Kate Archer Kent

Kate launched Red River Radio's news division in January 2006. In her one-person shop, she gathers news and perspectives from around the Ark-La-Tex for weekday newscasts that air at 6:06, 6:38, 7:06 and 8:06 a.m.

Previously, she served as director of marketing and public relations for Louisiana Tech University. She also held a similar position at Northeast Iowa Community College. Before entering educational marketing and communications, she was communications coordinator for Regis Corporation in Minneapolis.

Kate has worked for several media outlets. In 2003, she became a contributing reporter and producer for KEDM Public Radio in Monroe, La., and Red River Radio. She was named Reporter of the Year by the Louisiana Associated Press Broadcasters Association in 2004, 2006, 2008, 2010 and 2012. She was a Daniel Schorr Journalism Prize finalist for a series on drug addiction.

Kate has also been an assignment desk editor for the Fox affiliate in Minneapolis. Through a fellowship with the International Radio and Television Society, she worked as a feed producer for CBS "Newspath" in New York.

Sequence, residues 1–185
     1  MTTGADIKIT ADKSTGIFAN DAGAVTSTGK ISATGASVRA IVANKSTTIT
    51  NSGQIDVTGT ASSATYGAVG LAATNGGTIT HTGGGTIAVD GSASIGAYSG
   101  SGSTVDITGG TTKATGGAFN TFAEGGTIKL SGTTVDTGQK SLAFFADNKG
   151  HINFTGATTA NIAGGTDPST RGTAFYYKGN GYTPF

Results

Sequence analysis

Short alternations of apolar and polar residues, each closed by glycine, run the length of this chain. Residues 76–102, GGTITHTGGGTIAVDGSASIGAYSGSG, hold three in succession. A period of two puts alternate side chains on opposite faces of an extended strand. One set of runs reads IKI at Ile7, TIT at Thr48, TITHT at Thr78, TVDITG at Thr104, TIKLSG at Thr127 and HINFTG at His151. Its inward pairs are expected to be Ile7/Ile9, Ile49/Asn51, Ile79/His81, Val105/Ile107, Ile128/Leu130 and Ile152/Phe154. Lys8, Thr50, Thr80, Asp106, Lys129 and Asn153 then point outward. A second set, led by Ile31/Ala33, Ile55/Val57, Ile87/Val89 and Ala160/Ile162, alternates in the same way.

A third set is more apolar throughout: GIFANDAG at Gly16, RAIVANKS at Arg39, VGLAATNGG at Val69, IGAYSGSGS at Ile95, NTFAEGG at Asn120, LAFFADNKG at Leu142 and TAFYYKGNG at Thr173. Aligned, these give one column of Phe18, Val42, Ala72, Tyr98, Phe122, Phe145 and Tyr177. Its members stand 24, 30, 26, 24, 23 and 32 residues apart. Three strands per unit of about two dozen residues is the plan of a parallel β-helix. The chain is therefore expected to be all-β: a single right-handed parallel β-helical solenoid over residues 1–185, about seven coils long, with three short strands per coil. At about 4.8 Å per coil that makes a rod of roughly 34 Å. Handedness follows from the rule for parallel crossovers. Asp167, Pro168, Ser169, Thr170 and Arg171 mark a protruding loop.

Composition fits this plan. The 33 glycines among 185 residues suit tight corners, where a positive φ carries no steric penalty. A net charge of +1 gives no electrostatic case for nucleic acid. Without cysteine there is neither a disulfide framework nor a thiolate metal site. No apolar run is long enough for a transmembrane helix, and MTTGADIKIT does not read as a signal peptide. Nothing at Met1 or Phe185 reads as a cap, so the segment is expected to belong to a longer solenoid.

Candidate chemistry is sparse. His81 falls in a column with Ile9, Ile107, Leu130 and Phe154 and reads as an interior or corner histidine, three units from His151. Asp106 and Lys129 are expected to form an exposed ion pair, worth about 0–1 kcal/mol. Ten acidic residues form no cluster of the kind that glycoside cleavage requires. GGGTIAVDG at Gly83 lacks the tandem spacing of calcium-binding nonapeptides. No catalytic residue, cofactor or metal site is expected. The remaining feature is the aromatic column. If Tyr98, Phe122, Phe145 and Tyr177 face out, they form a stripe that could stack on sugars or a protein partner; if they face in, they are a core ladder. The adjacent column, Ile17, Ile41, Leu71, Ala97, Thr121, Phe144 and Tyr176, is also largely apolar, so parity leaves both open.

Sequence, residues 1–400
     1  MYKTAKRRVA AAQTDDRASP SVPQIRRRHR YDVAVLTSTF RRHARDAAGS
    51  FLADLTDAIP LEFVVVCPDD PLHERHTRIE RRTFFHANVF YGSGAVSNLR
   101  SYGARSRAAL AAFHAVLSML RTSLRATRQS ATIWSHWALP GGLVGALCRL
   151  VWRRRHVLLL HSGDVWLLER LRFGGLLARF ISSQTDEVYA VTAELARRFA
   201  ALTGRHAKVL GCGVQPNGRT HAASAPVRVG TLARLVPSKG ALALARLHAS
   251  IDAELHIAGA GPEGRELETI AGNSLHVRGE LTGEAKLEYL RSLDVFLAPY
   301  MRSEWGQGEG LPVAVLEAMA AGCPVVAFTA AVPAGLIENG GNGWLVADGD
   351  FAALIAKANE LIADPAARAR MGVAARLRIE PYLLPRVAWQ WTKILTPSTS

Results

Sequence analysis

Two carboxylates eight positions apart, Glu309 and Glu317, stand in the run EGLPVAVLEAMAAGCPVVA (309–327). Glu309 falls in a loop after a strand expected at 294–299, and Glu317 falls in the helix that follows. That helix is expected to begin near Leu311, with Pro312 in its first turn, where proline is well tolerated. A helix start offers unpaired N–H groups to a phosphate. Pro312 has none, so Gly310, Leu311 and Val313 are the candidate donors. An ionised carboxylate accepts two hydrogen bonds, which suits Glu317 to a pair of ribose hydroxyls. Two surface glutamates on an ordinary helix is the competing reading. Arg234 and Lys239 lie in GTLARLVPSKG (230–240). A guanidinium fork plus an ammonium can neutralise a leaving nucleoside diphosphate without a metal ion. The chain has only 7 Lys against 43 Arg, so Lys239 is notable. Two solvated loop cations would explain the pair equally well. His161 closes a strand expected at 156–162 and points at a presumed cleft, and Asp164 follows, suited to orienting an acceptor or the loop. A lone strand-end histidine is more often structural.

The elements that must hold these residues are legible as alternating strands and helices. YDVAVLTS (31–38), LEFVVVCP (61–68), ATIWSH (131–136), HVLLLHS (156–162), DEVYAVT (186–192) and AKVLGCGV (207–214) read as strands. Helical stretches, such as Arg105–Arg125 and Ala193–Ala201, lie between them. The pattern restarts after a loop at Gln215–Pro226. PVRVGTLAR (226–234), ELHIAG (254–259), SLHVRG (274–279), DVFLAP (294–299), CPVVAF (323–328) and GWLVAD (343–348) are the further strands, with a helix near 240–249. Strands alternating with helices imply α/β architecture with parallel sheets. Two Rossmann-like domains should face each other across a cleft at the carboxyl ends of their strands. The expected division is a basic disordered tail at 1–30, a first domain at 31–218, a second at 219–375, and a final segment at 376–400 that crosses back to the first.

Kate holds a master of journalism degree from Temple University and a B.A. in English and political science from the University of Minnesota. She lives in Shreveport with her husband, Alexandyr, and their two children, Bronwyn and Oliver. In her spare time, Kate enjoys teaching twice-weekly, free community yoga practices at Sadhu Vaswani Hindu Cultural Center in Shreveport.

 

Pages

NPR Story
9:54 am
Thu December 4, 2014

Shreveport churches to package thousands of meals for hunger relief in Africa

Numana's Lindsay Brown helps Shreveport-area organizations host meal packaging events for local and international hunger relief efforts.

Volunteers from three Shreveport churches will package more than 240,000 meals this week for African hunger relief programs in Rwanda and Ebola-stricken Sierra Leone.

The El Dorado, Kansas-based charity Numana Inc. is equipping the churches with the ingredients to package bags of a rice mixture that costs 30 cents per meal. Numana’s Lindsay Brown of Shreveport is helping organizations across our region put on these fundraisers and meal packaging events.

Read more
NPR Story
9:58 am
Wed December 3, 2014

El Dorado toasts librarian for 40 years of promoting literacy in Union County

Librarian Nancy Arn treasures story time at Barton Library, on this day selecting Eric Carle's "A House for Hermit Crab" to engage her young audience.

Public radio listeners love their librarians. Therefore, this story hits a nerve. The librarian of Barton Library in El Dorado for the past 40 years, Nancy Arn, is retiring.